Stone Brewing products are distributed domestically to 40 states and internationally to Japan, Singapore, the Philippines, Thailand, the United Kingdom and Sweden, and the company announced plans in July to create Stone Brewing Co. – Berlin, which would make it the first U.S.-based craft brewer to own and operate a brewery in Europe.

That facility, housed at a former gasworks plant, is expected to open in late 2015 or early 2016 after a $25 million renovation project.

“They’ve become a very big part of our community,” Masterson said, “and we’re very happy to have them here.”

Closer to home, future priorities for the city include an extension of Citracado Parkway to provide enhanced connectivity to both the sprawling Palomar Medical Center and a better link to the Escondido Research & Technology Center, which is anchored by the brewery and the 550-megawatt Palomar Energy Plant.

For the utilities, a rebuild project on the Wolford Dam, expansion of the recycled water system and replacement of potable reservoirs are at the top of the agenda, while a transition to LED street lights and more advanced energy use in buildings are also on the horizon.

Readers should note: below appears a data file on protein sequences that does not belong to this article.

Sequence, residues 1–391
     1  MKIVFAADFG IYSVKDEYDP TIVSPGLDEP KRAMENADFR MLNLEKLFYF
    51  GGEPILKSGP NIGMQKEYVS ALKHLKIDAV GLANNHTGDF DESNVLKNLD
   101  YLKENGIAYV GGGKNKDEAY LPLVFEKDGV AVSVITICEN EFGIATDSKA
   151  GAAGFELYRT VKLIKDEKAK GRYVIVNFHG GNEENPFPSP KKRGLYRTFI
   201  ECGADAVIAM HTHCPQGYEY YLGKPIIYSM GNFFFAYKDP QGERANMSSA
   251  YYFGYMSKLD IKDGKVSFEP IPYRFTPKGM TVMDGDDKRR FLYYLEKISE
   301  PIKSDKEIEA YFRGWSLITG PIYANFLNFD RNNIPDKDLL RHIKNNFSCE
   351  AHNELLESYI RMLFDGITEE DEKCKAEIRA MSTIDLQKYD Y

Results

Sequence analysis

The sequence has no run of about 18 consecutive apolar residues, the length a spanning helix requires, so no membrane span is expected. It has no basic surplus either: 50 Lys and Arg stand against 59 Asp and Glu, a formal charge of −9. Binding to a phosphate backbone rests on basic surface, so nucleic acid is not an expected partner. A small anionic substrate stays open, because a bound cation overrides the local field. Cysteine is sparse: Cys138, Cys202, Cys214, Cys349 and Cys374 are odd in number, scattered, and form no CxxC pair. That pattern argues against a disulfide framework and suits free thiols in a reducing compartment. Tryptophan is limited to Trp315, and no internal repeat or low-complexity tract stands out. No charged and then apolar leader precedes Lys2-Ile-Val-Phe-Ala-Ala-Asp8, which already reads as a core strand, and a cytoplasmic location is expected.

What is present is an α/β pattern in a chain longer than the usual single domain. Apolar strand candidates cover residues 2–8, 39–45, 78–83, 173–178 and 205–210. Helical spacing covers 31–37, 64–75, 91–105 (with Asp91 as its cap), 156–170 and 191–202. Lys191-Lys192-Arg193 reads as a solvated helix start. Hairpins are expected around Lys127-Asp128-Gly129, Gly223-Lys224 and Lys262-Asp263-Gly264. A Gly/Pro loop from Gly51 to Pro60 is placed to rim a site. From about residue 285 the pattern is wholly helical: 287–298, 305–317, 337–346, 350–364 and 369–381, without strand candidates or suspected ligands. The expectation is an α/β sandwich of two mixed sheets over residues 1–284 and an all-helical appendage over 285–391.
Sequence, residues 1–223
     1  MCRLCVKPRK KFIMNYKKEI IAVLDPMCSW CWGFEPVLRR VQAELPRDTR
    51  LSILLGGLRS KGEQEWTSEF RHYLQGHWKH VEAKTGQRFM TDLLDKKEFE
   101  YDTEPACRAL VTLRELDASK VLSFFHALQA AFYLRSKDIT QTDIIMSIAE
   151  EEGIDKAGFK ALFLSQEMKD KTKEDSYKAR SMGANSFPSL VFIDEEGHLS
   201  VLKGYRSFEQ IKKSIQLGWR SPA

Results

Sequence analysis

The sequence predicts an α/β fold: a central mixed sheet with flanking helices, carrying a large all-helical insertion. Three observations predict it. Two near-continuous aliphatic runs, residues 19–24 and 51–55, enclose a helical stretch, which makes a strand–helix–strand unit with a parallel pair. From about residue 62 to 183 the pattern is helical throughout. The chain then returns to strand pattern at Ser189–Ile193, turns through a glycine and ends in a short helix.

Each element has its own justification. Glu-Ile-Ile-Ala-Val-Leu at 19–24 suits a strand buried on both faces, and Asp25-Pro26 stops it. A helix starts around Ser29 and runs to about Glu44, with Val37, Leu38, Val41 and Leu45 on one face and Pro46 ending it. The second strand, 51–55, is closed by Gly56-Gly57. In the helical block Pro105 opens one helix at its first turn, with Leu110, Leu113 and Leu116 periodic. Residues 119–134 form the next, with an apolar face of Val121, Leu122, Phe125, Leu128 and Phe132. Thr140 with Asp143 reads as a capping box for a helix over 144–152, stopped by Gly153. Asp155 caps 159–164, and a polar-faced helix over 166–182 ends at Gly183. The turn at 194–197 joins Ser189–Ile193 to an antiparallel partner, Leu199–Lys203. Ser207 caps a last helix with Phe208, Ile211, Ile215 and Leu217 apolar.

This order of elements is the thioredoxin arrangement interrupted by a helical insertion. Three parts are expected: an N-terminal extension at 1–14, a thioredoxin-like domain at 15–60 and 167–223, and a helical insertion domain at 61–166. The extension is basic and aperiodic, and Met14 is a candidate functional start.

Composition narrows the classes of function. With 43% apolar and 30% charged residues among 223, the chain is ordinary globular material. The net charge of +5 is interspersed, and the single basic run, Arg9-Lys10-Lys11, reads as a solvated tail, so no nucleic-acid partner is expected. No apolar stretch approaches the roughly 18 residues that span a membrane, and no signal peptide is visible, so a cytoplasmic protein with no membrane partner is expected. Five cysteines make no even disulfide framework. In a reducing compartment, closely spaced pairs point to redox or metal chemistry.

And, when it comes to economic development, the strategic plan document presented to the city early in 2013 will remain the blueprint the blueprint for years to come.

“We have a lot of businesses interested in Escondido. For us, our focus has mostly been on retention and expansion, because that’s really where the growth comes from,” Masterson said. “We’re still trying to assemble parcels of land for major development use. The challenge is trying to find incentives that we can use to try and attract those developers.”


WHO: City of Escondido
WHAT: 126-year-old municipality in San Diego County, Calif. that was home to 143,911 residents as of the 2010 federal census count and whose footprint covers 36.989 square miles
WHERE: Northern San Diego County, about 30 miles north of downtown San Diego, 100 miles south of Los Angeles and 18 miles inland from the Pacific Ocean